125 grain 9mm bullet at 1700fps from a handgun. Its the bad ass brother to what 357 Sig should have been.
    .357 Sig and 9x25 Dillon served different purposes. .357 Sig was designed for LE use. It was to replicate .357 Magnum out of a 9mm/.40S&W sized gun, and it worked as planned, just wasn't as heavily adopted as expected. 9x25 Dillon was meant for competition to squeeze every drop of advantage out of running 9mm major. It also served its purpose, but when the rules changed, it stopped being popular.

    I like both cartridges. I have an M&P40 that I swapped over to .357 Sig, and I've shot a Glock 20 in 9x25 Dillon. But I don't like shooting them out of lighter guns like my M&P or the Glock. I was thinking the other day about selling my M&P40 to help fund the purchase of a Sig P229 Elite in .40S&W or .357 Sig. I had been toying with getting a 9x25 Dillon barrel for my 10mm Tanfoglio Stock III, but it's too big/heavy to carry, and 9x25 is WAY too loud for HD; so it would just end up being a range toy. Not that there's anything wrong with that.
    Oh therapy, can you please fill the void? Am I retarded or am I just overjoyed?

  8. #18
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    Default Re: What the Glock

    I bought a .22TCM9R kit for the Glock 17 a few months back, thinking it would be easy to reload. I have yet to shoot this caliber, as I've been busy at work and have been shooting other guns, but I am really eager to give it a try. I am, however, extremely disappointed in the lack of projectiles to reload the .22TCM9R. I bought 500rds thinking I could reload and keep shooting, eventually cutting up my older 5.56 cases when I get around to it... But what's the point if you don't have any projectiles to reload with?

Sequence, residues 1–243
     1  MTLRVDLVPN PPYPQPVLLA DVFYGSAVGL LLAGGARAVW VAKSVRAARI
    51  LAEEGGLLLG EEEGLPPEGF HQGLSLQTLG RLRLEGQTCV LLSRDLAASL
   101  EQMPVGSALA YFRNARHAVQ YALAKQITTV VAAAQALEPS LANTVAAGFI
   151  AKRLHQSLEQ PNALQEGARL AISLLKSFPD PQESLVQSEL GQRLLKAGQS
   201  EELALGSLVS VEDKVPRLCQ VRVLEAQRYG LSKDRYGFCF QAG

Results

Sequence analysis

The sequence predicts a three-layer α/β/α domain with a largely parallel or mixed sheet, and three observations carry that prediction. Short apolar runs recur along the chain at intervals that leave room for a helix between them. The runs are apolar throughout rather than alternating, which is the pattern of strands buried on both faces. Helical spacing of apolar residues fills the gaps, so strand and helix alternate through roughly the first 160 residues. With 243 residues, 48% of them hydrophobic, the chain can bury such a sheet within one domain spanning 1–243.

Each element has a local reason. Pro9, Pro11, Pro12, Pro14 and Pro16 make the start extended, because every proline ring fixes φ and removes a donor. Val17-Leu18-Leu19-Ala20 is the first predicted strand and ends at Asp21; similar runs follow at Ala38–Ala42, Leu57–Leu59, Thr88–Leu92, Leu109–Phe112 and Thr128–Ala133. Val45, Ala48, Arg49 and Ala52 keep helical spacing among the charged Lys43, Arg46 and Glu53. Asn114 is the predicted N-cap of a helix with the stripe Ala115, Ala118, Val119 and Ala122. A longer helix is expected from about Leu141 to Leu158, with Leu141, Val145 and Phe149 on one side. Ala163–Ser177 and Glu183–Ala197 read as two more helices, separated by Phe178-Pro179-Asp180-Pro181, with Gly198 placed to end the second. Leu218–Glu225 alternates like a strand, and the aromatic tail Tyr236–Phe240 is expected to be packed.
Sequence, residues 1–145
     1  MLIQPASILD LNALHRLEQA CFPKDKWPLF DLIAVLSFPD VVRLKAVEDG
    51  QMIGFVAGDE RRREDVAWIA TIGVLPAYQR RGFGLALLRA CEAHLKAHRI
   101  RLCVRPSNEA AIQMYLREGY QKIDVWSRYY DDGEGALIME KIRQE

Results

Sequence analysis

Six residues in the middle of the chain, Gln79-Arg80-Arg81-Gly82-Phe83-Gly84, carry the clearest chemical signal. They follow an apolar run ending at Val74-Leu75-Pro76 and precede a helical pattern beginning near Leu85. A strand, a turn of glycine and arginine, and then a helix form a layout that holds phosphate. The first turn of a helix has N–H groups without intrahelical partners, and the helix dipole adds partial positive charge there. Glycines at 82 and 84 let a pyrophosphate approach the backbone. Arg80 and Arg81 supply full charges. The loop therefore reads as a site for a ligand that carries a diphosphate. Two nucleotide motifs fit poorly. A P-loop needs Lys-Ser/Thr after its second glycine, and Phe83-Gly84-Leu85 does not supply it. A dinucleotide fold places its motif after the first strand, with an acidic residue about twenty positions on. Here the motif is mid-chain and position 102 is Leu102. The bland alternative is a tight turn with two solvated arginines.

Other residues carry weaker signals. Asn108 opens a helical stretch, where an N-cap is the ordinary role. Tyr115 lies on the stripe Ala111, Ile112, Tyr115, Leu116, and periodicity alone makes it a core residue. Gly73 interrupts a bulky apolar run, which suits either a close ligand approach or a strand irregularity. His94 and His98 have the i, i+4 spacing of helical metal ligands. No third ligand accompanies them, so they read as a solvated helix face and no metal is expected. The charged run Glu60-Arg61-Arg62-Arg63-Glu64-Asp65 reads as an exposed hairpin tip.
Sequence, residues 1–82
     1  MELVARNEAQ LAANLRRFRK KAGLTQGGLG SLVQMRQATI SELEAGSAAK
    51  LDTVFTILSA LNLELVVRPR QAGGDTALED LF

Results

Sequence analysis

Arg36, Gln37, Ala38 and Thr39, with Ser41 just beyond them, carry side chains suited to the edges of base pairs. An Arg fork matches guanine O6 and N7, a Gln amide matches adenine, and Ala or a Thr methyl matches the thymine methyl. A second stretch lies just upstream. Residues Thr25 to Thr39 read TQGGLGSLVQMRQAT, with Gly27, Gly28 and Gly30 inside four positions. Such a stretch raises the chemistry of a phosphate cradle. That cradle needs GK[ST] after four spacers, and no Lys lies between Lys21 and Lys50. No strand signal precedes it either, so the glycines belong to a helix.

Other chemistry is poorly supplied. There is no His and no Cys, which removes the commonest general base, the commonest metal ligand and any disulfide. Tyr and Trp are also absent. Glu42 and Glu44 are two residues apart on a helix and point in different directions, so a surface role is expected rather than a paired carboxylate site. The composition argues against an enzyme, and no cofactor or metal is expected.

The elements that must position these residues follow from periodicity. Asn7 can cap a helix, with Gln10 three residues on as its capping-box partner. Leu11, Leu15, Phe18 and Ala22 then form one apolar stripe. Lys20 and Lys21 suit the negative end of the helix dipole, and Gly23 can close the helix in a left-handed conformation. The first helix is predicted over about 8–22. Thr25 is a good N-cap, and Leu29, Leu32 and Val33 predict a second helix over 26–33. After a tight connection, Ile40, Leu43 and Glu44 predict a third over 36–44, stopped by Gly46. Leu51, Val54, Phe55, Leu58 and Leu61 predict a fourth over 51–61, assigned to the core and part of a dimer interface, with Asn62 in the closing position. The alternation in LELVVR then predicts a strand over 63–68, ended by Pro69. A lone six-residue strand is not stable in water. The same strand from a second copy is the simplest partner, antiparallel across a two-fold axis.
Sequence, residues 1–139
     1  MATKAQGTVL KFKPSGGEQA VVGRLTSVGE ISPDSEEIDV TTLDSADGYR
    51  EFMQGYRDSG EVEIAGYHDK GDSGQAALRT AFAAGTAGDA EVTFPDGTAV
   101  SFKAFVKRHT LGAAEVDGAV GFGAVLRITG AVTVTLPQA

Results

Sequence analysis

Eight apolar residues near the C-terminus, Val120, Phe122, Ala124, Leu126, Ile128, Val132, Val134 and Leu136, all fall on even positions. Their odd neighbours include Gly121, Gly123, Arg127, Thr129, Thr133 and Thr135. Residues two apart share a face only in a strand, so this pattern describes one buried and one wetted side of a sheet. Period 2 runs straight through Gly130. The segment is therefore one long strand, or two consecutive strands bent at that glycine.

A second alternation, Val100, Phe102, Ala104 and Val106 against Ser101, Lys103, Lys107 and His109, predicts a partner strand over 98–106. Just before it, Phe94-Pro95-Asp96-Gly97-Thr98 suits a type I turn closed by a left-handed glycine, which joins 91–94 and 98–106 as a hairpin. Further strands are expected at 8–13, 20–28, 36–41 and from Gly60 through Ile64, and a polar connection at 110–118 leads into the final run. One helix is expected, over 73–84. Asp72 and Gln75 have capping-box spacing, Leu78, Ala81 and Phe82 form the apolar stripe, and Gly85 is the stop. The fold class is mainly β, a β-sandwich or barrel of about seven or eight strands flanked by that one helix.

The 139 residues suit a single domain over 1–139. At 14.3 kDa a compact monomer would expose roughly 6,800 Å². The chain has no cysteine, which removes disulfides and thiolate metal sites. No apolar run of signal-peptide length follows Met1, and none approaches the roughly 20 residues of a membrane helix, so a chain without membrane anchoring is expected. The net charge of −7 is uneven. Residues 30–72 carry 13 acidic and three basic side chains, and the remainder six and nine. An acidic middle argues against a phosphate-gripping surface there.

I had the same problem with .357Sig when it first came on the market. I bought a conversion barrel and some ammo, shot it and reloaded the empties. I was disappointed then for the same reasons- lack of suitable projectiles. I gave up on the caliber for a DECADE before I found out that there was an abundance of projectiles available that would work; it seems the modern day hollow points have the right amount of vertical sides before they taper, and hardly have any oglive.

    Anyway, in my frustration, I dove into the interwebz and found some guys experimenting with modifying the shoulder tapers of the .22TCM. This allows the use of regular .224 diameter bullets to be loaded AND still keep the OAL of the cartridge to 9R lengths. Interesting, but I never messed with changing the shoulder angle before; making an improved version of a caliber like the Improved Ackleys. Here's some excerpts from one of the many (I'm sorry, I don't have the original site or author to give thanks and merit to):

    The .22TCM9R was Armscor's afterthought on how to expand the appeal of the .22TCM. The original TCM was sized to function through 1911 size pistols, and .45ACP/.38Super length actions.
    So they came up with the "9R" specification using a special bullet with short, round, hollow-point nose and long shank that could be seated deep enough in the case to allow the cartridge to fit and function through 9mm length actions such as Glock and RIA MAPP.
    22TCM vs 22TCM9R.jpg